The classic “college student budget” is a universally known aspect of college life where students begin to savor every penny they’ve got. Many students work on campus to help pay for tuition, while others may seek employment to make sure they have enough money to get their daily coffee from the Bistro. Either way, on-campus jobs are essentially always in demand and can make up a huge aspect of a student’s college experience.
Jenna Bellows (‘26) is a student who is currently working at both the Bistro and the mailroom, but also considers themself a “Goudy survivor” as they worked at the dining hall in a previous semester but didn’t stick with it. However, in general they have loved their experience with on-campus jobs here at WU. “The mailroom [is] really calm … I can do homework if I have extra time. All of the guys that work there are super great,” Bellows said. Even while enjoying the tranquility of the mailroom, they also appreciate their job as a cashier at the Bistro, saying that it’s “buzzing always. I always feel like there's commotion, like happy commotion.”
Despite Bellows working two jobs they enjoy here on campus, employment has not been so easy for everyone, especially first-years. Olivia Austin (‘27) expressed that she has been trying to look for a job on campus since she moved in, but to no avail. “It has been hard because the jobs get taken really fast,” she said. Austin explained that the whole application process is “confusing” and that Handshake isn’t much help. “I know about Handshake, but I don't know what to do when I get the job.”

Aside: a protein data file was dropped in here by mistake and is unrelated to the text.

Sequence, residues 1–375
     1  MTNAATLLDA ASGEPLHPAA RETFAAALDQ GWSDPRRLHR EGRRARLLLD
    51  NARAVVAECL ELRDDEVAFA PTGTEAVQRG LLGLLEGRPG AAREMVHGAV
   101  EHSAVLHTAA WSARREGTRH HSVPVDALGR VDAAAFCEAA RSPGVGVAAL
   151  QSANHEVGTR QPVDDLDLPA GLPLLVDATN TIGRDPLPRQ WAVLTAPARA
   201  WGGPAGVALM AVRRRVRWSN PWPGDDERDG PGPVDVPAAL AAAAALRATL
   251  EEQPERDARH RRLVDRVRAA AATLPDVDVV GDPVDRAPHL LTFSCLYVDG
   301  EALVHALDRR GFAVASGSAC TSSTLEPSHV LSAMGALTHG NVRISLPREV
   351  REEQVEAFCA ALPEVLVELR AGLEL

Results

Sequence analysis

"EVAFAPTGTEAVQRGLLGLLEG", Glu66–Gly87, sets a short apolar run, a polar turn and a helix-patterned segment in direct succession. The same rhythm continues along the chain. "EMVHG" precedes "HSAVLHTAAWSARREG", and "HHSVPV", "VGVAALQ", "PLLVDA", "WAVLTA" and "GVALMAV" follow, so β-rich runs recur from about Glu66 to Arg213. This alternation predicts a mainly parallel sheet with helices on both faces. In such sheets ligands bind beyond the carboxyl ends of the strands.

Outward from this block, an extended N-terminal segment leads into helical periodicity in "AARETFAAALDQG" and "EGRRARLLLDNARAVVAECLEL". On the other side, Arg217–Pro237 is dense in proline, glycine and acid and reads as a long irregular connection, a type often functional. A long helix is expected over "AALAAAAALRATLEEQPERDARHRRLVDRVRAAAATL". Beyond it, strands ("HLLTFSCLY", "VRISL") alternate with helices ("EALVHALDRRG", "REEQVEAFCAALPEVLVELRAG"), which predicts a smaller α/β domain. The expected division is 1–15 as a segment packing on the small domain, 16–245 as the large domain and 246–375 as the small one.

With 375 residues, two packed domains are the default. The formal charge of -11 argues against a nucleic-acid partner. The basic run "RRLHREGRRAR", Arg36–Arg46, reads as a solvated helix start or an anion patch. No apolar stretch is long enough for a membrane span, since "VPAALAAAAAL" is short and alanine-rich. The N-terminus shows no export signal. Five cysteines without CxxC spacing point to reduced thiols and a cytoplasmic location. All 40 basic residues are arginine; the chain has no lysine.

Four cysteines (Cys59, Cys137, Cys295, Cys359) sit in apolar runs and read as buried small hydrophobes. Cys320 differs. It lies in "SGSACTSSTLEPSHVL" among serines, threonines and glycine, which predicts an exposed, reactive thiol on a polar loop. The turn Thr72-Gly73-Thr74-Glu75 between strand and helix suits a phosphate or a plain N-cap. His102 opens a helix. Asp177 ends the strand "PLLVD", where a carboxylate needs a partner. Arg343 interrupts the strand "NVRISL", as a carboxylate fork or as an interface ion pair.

Even after Bellows scored two on-campus jobs, she also admitted that the job application and interview process can be tedious, such as with the many rounds of interviews they completed to work at the Bistro. “The [Bistro] did an application process, and [I] applied, and then from all the applications they selected people to do a group interview.” After that, the coffee shop “selected people to do individual interviews.” A four-step or other similarly rigorous hiring process can make employment difficult. “Finding a job on campus is much harder than people may realize, especially for freshmen,” Lauren Besford (‘27) said. “And a lot of the jobs, especially the higher paying ones, aren’t available for first-year students.”
Obtaining an on-campus job can be a strenuous process, but once a student has a job, they usually enjoy the experience. So how can the application process be better and what are students looking for when applying for jobs? Austin gave her own solution, saying that perhaps it’d be beneficial if the admin explained how to go about finding jobs. “There should definitely be a section during Opening Days that's just like specifically for jobs,” she proposed. Besford also specified exactly what she’s looking for: “I would like if there were more options to work in specific fields that coincide with majors so that students could get more experience in their industry before graduating.”
It goes without saying that providing opportunities for students to work on campus is incredibly beneficial. Besford spelled it out, explaining that “possible work grants … to lower tuition costs, connection with their school or community or even the stability in having a routine and the discipline it takes to have a job” are all examples of how job opportunities can support students here at WU. The application processes could also be made tremendously easier by simply taking a moment to explain to new students how job applications work on campus.
On-campus jobs are wonderful opportunities for students to ensure they can get their sweet treats from the Bistro, help with tuition through work-study, and get involved and develop more connections with the Willamette community. With this extended knowledge and support, Willamette is able to help more students to work on campus and see the importance of doing so. However, jobs must be accessible to students first.